Thursday, October 29, 2009

RESPA - anti-kickback provision - private right of action - no overcharge allegation requiredd

Alston et al. v. Countrywide Financial Corp. - 3d Cir. - October 28, 2009

This is a class action brought by homebuyers who sought to recover statutory treble damages pursuant to §8(d)(2) of the Real Estate Settlement Procedures Act of 1974 (“RESPA”), 12 U.S.C. § 2607(d)(2).

Plaintiffs alleged that their private mortgage insurance premiums were channeled into an unlawful “captive reinsurance arrangement”—essentially, a kickback scheme—operated by their mortgage lender and its affiliated reinsurer, in violation of RESPA §8(a) and §8(b), 12 U.S.C. § 2607(a)-(b).*

The thrust of the complaint is that, in enacting and amending section 8, Congress bestowed upon the consumer the right to a real estate settlement free from unlawful kickbacks and unearned fees, and Countrywide’s invasion of that statutory right, even without a resultant overcharge, was an injury-in-fact for purposes of Article III standing. The District Court disagreed and dismissed the complaint without prejudice for lack of jurisdiction.

What is before us for decision turns on a question of statutory interpretation—does or does not the plain language of RESPA section 8(d)** indicate that Congress created a private right of action without requiring an overcharge allegation? We conclude that it does. Accordingly, we will reverse the Order of the District Court.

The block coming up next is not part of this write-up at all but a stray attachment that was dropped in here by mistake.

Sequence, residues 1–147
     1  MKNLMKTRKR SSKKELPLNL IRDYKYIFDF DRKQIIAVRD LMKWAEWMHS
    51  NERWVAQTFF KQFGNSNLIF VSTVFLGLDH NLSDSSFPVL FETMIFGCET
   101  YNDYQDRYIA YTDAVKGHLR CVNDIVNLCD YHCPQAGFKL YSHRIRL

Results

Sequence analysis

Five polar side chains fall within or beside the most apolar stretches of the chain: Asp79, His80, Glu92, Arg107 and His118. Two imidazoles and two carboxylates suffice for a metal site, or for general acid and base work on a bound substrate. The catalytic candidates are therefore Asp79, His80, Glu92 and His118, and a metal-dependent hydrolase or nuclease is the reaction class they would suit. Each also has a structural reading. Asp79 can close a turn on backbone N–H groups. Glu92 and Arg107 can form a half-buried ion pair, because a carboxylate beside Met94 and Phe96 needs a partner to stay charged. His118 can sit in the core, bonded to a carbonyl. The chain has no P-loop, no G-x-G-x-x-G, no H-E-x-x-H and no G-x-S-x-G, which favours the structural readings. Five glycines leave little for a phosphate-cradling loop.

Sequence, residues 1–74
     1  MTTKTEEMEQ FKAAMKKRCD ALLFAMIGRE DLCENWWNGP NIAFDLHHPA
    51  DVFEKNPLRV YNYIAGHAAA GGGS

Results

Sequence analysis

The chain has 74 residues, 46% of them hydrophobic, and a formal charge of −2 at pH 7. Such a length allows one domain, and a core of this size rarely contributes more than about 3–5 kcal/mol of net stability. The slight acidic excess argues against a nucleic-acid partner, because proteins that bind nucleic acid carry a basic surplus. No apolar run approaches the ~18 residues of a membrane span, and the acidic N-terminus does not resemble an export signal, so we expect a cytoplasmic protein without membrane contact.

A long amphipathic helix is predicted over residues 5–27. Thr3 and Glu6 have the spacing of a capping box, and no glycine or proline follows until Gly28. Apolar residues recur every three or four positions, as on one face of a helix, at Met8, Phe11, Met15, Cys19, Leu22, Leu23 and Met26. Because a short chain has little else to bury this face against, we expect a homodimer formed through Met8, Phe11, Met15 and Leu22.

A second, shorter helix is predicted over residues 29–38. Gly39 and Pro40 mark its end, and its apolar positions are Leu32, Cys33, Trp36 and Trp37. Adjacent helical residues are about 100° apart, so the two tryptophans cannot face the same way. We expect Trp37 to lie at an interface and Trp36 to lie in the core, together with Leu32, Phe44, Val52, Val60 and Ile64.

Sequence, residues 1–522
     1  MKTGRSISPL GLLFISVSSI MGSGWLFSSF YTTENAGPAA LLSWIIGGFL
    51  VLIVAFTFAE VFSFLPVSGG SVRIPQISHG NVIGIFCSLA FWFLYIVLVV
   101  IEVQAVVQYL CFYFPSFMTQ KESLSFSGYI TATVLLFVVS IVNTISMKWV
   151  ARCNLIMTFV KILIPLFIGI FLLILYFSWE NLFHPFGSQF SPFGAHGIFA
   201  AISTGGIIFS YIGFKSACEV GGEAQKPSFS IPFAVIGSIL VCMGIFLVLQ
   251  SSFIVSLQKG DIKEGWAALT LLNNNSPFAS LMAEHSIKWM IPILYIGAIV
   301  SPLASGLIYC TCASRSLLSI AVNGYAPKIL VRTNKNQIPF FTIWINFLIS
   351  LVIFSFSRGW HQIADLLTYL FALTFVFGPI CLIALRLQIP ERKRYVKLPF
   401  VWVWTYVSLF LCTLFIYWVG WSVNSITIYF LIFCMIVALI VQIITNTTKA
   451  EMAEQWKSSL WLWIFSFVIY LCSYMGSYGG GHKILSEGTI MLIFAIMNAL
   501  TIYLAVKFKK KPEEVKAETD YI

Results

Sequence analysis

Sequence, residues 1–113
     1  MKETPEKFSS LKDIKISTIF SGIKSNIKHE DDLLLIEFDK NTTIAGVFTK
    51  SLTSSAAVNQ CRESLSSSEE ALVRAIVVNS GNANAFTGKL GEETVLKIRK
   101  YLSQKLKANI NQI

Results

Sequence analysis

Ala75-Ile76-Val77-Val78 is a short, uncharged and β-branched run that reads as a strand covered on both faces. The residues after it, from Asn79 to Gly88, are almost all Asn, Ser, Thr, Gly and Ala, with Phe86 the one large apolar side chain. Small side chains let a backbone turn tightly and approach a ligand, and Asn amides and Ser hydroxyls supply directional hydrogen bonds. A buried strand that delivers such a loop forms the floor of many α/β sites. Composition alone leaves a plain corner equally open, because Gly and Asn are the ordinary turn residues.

The plain language of RESPA section 8 does not require plaintiffs to allege an overcharge. The best indication of Congress’s intent in this regard is the method it prescribed for the calculation of statutory damages in [other sections of RESPA]....Critically, none of these provisions contains the word “overcharge” or otherwise implies that the plaintiff must allege that he or she paid more than he or she otherwise would have paid. See id. § 2607(a), (b), (d)(2). Instead, damages are fixed at three times the total charge paid by the consumer in exchange for a settlement service, and not merely any overcharge.

We agree with plaintiffs and the United States, intervening on plaintiffs’ behalf, that the provision of statutory damages based on the entire payment, not on an overcharge, is a certain indication that Congress did not intend to require an overcharge to recover under section 8 of RESPA.
* Section 8(a) prohibits “any fee, kickback, or thing of value pursuant to any agreement or understanding, oral or otherwise, that business incident to or a part of a real estate settlement service involving a federally related mortgage loan shall be referred to any person.” 12 U.S.C. § 2607(a). Section 8(b) prohibits unearned fees: “No person shall give and no person shall accept any portion, split, or percentage of any charge made or received for the rendering of a real estate settlement service . . . other than for services actually performed.” Id. § 2607(b).

** Congress authorized private actions against a person who violates section 8. As amended in 1983, section 8(d)(2) provides that “[a]ny person or persons who violate the prohibition or limitations of this section shall be jointly and severally liable to the person or persons charged for the settlement service involved in the violation in an amount equal to three times the amount of any charge paid for such settlement service.” Id.